Few economists have both the global and local experience of Stephen Koukoulas. His background covers the spectrum of economic insight - from his role as Chief Economist of Citibank to Senior Economic Advisor to the Australian Prime Minister.
Stephen’s combination of both public and private sector provides an unparalleled insight into the opportunities and risks of today’s markets. As a speaker Stephen has been called upon to discuss the economy with audiences as diverse as the corporate world to school students - an affirmation of his ability to turn complex economic analysis into terms mere mortals can understand.
In these uncertain financial times, Stephen combines tailored economic overview and analysis with a level of humour and engagement not usually associated with the economics.
Stephen has a way of making economics fun and relevant - 10/10
One of the most articulate economists in Australia.
Alan Kohler, Author and ABC TV journalist
I've only heard great things about your presentation at the breakfast – so thank you. Clients and staff all raved about you – how engaging, thought provoking and entertaining you were. You made the content come alive.
Head of communication - Randstad
The feedback from the participants has been fantastic. You really make a serious subject interesting and engaging!
HR, Wesfarmers Insurance
One of Australia's most influential economists.
The Australian Financial Review
If you need a reliable and informed economic forecasting at both local and international levels, look no further. Informed by Stephen's exceptionally broad experience and background, this presentation ties together complex fiscal policy with current macroeconomic data to provide comprehensive insights into how current economic trends will impact your business. This presentation can be tailored to include a wide range of topics including:
- Where the economy is going
- Which sectors are strong? Which are in decline?
- What are the economic opportunities in the near term or over the next few years?
- Local and international market forces
What are the causes of macroeconomic conditions in Australasia and abroad? How long can the strong Aussie dollar last, what has caused its meteoric rise and what might be its downfall? How do interest rate decisions affect home buyers, small business and corporations? All of these questions and more can be addressed in Stephen's presentation on cause and effect in economics. This presentation can include analysis and information on the influence of:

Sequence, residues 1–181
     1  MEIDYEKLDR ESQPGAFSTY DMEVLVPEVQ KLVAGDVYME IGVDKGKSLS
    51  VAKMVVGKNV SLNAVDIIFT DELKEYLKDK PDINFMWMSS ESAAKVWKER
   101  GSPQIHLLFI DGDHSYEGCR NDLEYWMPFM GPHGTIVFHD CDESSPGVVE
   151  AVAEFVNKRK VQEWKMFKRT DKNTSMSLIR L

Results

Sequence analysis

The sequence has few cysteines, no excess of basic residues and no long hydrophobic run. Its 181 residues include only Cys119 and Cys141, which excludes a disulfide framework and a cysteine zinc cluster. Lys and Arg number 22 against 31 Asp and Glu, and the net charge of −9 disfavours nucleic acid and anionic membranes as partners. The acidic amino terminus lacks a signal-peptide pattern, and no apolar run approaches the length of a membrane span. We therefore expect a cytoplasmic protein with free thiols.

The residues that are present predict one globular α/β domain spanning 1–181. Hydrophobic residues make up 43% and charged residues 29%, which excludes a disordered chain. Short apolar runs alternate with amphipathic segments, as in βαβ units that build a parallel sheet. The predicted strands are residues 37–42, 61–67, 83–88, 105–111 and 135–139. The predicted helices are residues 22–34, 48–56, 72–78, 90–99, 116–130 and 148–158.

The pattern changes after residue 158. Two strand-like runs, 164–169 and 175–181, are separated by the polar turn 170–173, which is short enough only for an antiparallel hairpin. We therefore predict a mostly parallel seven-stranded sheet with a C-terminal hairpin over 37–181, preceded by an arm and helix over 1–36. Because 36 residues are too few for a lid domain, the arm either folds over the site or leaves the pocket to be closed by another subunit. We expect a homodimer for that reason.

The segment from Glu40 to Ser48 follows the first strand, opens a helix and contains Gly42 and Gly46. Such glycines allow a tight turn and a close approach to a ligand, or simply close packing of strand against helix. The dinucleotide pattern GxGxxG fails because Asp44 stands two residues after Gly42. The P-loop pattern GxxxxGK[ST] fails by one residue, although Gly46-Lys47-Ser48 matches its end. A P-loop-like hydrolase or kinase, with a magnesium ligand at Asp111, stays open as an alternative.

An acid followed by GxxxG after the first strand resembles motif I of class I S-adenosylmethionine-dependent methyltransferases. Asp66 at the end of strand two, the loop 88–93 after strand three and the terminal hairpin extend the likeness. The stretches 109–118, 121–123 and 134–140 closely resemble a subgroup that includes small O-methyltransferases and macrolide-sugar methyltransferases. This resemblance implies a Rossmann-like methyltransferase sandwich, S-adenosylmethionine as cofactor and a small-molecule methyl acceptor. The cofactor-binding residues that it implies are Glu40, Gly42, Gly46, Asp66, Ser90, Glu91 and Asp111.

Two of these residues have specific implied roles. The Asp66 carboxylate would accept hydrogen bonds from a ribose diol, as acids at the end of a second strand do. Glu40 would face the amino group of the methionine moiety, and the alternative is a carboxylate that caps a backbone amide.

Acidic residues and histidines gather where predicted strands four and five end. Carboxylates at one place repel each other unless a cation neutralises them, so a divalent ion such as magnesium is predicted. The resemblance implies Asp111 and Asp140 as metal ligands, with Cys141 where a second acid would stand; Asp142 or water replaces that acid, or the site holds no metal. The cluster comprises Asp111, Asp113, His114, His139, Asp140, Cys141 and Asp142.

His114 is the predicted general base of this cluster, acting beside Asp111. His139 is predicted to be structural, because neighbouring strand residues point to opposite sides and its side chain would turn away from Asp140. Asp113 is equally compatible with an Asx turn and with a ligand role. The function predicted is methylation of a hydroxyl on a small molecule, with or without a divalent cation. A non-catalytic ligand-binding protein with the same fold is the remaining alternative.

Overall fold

- Financial markets and stocks
- The Aussie dollar
- Interest rates
- General and specific taxation conditions (including the effect of the Carbon Tax)
- The effect of politics on your business segment
The Australian economy remains in good shape.October 21st 2017
Calls of housing crashes, banking busts and general gloom will be wrong again.
The housing downturn – what’s it mean for you and the economy?September 26th 2017
The housing market has peaked with prices no longer growing. At the same time, auction clearance rates are lower and a solid pipeline of new supply – particularly apartments – will soon flood the market in a number of cities and regions.
The big question for business and individuals - how severe will the downturn be and what does it mean for the economy?
What's Ahead for AustraliaAugust 16th 2016
We know the good times are over – the only questions are how long and how deep the weakness will be? Stephen Koukoulas provides an economic projection for the future.
Our world in charts
An old proverb says: “a picture paints a thousand words” and in this book, the pictures are the charts. Our World in Charts has over 150 charts that depict a range of economic, market and social issues. There is a lot of information in each chart and each tells a story which authors Alan Kohler and Stephen Koukoulas explain.
Charts give context. An annual budget deficit of $30 billion sounds a lot, but relative to the size of the economy in 2017 it’s about the average of the last 40 years. A chart can show this. Ask a good economist, “how are you today?” and they should answer, “relative to what?” Charts show how the economy or markets are today relative to the past.